Love and care can bind us to our otherwise transient lives.
When someone walks unscathed from a horrible accident or survives a terrible illness, we sometimes say they are “living on borrowed time.” But aren't we all? Life is a gift given to us for a limited time, then taken away. How can this insight help us live richer, fuller lives?
If you were attending your memorial service today, who would be there? What would they say? Let’s imagine what your life would be like if you started living your life backward.
Life comes at us in many ways. It reminds me of going to a carnival with merry-go-round rides, Ferris wheels, roller coasters, the house of horrors with mirrors that distort what you see. Yet through the ups and downs of life, we can all make it through if we have a guide along the way.
Many of you have expressed to me recently your deep concern for the state of world: from racial tension in Missouri to war in Gaza and Syria; from epidemic disease in Africa to refugee children detained on our southern border. The cry of our hearts seems to be: Where do we go from here? This Sunday we’ll explore a path forward.
Sunday is Generosity Sunday, the day we make our financial pledge to support All Souls ministries in the coming year.
Heiwa Peace Pilgrims tell stories from this summer's travels to Japan.
This time of year, the day after Yom Kippur, begins a time to offer and receive forgiveness, and to be grateful for both.
For years, the Statue of Liberty has been the face welcoming immigrants to Ellis Island. Whose face welcomes our brothers and sisters at our southern borders? Our city streets? Maybe me, maybe you.
How do we successfully wrestle with our demons?
Learning to fail with grace.
At the heart of our faith is a love beyond belief. Celebrate a new church year with the gospel of Unitarian Universalism.
Like a child who has just learned to ride a bike, a full life lived brings us bumps and bruises. How can our hurts serve a purpose beyond our own lives, and beyond our church walls?
Bring your dogs, cats, birds, turtles, iguanas, aardvarks, and pushmi-pullyus to be blessed at All Souls.
Rev. Hardies returns from his summer away to answer your questions of faith. If you'd like to submit a question, please send it by Monday, August 11, to Gary Penn (firstname.lastname@example.org) with "Question of Faith" in the subject line.
In Islamic tradition, prayer and other religious practices serve as constant reminders that Muslims have duties to Al-lah. Coming to church is one way to remind ourselves of our religious values, but it's not--and probably shouldn't be--the only way. What lessons can we learn from Islam?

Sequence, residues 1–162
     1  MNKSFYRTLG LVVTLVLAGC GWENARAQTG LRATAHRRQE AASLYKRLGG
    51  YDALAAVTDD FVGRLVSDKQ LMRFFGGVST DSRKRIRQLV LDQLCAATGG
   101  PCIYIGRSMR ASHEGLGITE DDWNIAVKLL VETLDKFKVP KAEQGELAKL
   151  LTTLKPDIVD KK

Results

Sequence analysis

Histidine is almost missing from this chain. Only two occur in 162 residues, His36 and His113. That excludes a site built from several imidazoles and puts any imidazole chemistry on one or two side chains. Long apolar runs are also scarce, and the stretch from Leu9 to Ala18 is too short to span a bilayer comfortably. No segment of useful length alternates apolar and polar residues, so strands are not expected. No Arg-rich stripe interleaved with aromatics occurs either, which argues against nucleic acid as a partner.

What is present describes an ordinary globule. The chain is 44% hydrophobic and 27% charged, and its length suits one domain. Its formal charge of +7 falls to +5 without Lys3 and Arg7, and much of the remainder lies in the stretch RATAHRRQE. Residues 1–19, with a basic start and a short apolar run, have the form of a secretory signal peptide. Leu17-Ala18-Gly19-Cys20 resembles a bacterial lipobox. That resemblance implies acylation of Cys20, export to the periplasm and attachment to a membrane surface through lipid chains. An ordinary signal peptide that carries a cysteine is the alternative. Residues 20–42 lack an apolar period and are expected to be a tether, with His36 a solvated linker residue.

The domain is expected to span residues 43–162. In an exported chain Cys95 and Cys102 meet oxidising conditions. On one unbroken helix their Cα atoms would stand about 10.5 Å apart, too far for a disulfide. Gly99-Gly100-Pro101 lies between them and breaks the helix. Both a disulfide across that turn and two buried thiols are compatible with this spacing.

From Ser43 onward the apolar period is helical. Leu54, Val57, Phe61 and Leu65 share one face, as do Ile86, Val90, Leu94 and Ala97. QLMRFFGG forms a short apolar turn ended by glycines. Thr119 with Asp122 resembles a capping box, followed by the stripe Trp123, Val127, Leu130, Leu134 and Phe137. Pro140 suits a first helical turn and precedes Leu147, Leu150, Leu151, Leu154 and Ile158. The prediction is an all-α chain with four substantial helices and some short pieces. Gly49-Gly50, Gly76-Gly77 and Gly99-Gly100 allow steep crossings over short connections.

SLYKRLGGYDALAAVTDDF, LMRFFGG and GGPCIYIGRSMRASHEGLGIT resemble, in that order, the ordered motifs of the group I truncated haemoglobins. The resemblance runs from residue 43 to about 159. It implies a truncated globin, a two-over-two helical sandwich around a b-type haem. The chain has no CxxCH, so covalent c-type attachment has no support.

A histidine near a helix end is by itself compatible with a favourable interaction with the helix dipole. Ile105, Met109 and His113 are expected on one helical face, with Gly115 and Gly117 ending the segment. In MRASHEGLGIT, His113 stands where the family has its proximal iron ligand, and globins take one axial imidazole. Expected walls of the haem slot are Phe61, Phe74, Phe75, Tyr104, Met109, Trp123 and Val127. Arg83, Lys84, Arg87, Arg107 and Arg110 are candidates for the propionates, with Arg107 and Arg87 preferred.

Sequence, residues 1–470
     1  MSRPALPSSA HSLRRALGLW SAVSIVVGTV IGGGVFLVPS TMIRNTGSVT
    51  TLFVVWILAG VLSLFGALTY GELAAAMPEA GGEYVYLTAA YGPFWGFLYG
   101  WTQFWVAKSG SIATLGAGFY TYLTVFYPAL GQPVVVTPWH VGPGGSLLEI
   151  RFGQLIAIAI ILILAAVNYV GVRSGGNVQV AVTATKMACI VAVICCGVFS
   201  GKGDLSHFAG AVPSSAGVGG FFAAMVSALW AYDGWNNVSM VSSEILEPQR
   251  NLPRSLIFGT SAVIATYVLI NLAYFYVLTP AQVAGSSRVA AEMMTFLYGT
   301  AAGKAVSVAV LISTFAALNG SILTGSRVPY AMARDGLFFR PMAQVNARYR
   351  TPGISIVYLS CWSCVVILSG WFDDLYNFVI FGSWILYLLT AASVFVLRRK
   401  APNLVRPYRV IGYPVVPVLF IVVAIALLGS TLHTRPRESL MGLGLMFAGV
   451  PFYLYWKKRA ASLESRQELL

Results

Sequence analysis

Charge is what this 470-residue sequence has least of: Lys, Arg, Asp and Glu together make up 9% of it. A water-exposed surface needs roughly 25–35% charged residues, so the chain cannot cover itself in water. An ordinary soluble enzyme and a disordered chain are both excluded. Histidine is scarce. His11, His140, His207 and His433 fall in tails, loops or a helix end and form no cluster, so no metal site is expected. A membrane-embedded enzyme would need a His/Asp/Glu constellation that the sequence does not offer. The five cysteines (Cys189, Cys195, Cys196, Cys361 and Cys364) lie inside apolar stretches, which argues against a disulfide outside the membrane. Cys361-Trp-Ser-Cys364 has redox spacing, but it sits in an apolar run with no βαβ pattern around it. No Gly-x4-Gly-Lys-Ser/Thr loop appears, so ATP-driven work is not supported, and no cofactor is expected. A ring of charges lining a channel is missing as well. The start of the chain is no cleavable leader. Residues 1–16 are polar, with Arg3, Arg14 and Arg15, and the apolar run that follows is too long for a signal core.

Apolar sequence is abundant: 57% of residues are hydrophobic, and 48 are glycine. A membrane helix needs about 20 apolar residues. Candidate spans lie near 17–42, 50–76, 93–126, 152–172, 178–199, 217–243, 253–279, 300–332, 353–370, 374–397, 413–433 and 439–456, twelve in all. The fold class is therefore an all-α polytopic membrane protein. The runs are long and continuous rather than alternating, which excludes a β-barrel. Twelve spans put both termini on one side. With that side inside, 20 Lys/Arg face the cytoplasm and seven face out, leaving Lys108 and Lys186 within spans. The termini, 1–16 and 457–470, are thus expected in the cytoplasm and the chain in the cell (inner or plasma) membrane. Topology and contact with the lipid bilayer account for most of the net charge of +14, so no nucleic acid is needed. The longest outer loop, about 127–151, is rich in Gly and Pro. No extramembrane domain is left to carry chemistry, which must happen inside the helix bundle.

Members of the Young Souls join Rev. Dr. Susan Newman Moore in worship and sermon, exploring what a Sabbath rest would look like for a day in the world, in our country, and in our individual lives.
As advocates for justice, there is within each of us a desire to right the wrongs in our world and within our own borders. We protest, we march, we petition, and we train for the “action.” What do we do the day after the day? From whence cometh our inspiration? Our hope? Our strength?
Our lives are changing constantly and during our lifetimes, we are buoyed by economic fortune or battered by financial challenges. Join All Souls member Mark Ewert as he talks about what it takes to stay grounded in our values when the circumstances of our lives change.
Our guest minister, the Rev. John T. Crestwell, Jr., will use emotional literacy strategies to discuss how to communicate in a way that eliminates personal and professional conflicts. Are you ready to release your love? Come hear more!
All Souls Church’s spiritual theme for the summer is “Sabbath.” The Sabbath is usually understood as a weekly day of rest or time of worship. Is it really a day of rest? Is it really a time of worship? Let’s take an honest look at how we “keep the Sabbath.”
Join Rev. Newman Moore and members of the Adult Spiritual Development class, Building Your Own Theology, as they share what they have discovered—that “theology can be, and often is, exhilarating, exciting, and endlessly fascinating, because it has to do with the stuff of human experience, the meaning of being and becoming.” (Richard S. Gilbert, UU Minister)
One year ago this month, the U.S. Supreme Court eviscerated the Voting Rights Act of 1965, for which a former minister of this church was martyred. Other recent court decisions have allowed unprecedented amounts of corporate cash to flow into our political system. How can "we the people" reclaim our democracy? And what is the relationship between our democracy and our faith?
"This could be our revolution," writes Alice Walker, "to love what is plentiful as much as what is scarce." How do we learn to love what is already ours?
How do we build and sustain family? What’s love got to do with it? Are families forever? We’ll explore how GLBTIQQ (gay, lesbian, bisexual, transgender, intersex, queer, and questioning) and straight communities have redefined and widened notions of family.